Data Science for the Common Good (DS4CG) is a summer program that trains aspiring data scientists to work on real-world problems that benefit the common good. Our teams of computer science Master's students collaborate with nonprofit organizations and government agencies working in public health, education, health and wellness, environmental conservation, and more.
We wrapped up our 2019 projects with a showcase event in October. Read more about it.
Interested in being a sponsor? Click to learn about ways to support Data Science for the Common Good.
Interested in being a partner organization? Click for information on becoming a Data Science for the Common Good partner.
Data Science for the Common Good 2019 Completed Projects
The Charles River Watershed (CRWA) team analyzed 25 years’ worth of water-quality data collected by citizen scientists, to identify patterns and trends in the levels of E. coli, phosphorus, and chlorophyll. The results will inform policies that promote responsible watershed management and a healthy river ecosystem.
The Greater Holyoke YMCA team analyzed membership and program participation data in order to predict membership churn. The results will help predict members at risk of dropping their membership, giving the YMCA the opportunity to proactively assess and respond.
The Massachusetts Department of Public Health (DPH) team aggregated data from disparate sources to develop risk assessment scores at the city/town level. The results will help the DPH deploy resources more effectively and efficiently, in areas that need them most.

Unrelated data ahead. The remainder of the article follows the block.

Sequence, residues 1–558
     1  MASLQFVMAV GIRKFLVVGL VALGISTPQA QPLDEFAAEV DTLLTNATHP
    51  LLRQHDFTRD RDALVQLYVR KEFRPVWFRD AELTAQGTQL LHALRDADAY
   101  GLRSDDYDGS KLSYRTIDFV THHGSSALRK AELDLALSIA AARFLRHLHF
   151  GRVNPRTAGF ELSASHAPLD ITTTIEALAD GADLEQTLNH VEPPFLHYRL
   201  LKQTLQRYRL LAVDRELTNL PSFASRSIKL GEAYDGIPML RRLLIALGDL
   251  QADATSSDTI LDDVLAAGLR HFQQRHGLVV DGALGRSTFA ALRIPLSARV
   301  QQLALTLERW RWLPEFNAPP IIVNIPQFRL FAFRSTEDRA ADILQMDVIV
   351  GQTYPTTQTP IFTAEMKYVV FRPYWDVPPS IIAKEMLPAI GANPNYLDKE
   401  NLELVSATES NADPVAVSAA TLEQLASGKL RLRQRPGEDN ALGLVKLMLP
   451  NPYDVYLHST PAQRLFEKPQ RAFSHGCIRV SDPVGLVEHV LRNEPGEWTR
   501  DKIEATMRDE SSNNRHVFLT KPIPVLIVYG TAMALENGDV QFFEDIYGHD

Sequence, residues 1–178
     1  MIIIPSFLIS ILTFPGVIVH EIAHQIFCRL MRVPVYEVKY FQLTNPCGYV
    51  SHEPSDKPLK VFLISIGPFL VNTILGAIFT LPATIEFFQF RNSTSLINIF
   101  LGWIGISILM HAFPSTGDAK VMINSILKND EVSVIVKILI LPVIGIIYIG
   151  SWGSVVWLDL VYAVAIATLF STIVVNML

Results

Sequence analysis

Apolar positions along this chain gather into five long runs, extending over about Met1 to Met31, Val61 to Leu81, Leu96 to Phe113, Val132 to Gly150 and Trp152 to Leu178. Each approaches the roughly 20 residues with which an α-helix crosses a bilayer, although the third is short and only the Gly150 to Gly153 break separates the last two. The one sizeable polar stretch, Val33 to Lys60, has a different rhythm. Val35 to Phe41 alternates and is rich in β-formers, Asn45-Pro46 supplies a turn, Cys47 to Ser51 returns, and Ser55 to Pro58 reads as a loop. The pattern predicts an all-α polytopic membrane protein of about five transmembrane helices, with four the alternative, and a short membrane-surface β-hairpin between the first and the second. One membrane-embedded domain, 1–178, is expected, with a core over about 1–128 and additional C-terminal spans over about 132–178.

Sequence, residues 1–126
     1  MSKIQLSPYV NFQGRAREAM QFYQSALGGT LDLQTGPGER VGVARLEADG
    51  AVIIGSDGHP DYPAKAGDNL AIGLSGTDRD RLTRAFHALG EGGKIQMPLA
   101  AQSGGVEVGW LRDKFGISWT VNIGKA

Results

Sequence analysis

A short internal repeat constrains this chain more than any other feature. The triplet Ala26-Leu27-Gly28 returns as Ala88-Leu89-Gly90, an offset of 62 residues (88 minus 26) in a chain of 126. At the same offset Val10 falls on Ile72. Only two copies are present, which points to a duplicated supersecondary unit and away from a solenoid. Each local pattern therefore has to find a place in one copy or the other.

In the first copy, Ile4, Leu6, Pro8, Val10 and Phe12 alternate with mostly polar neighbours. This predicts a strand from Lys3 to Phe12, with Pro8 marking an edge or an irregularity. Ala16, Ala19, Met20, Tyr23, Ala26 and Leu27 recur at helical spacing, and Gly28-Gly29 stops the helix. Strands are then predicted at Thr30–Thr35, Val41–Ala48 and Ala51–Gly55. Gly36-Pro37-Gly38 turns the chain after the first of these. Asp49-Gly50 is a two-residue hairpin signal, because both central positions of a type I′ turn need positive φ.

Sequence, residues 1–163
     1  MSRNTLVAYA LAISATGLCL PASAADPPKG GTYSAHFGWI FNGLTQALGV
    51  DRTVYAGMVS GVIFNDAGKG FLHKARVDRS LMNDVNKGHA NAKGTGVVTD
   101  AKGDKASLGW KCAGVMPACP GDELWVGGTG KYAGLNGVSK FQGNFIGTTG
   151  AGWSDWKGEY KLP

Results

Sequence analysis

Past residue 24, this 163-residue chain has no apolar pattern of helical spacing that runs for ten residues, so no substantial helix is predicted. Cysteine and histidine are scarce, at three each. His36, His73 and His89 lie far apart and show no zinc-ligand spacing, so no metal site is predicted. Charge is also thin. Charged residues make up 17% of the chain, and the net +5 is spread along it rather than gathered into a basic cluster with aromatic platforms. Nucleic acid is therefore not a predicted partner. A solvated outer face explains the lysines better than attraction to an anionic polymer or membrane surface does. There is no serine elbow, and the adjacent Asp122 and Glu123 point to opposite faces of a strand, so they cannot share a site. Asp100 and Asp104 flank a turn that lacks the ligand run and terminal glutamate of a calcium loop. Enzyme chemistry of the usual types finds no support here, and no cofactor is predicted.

The Metropolitan Area Planning Council (MAPC) team worked on enhancing a forecasting technique originally developed at Northeastern University to project scenarios about future populations, enhancing its efficiency, ease of use, and breadth of applicability. The results will help MAPC to better serve the cities and towns that rely on their expertise for municipal planning.
The Nature Conservancy (TNC) team devised a tool using a computer-vision algorithm to automatically detect whether or not a photograph contains an animal. TNC can apply this tool to photographs captured by remote motion-sensitive cameras placed in the wild, in order to monitor wildlife corridors and better guard against animal-vehicle collisions on roadways.
The Springfield Public Schools (SPS) team combined student data with college-enrollment data from a national clearinghouse to identify factors contributing to identify factors contributing to post-secondary school success.The results will help SPS fulfill their mission of graduating students who are college and career ready.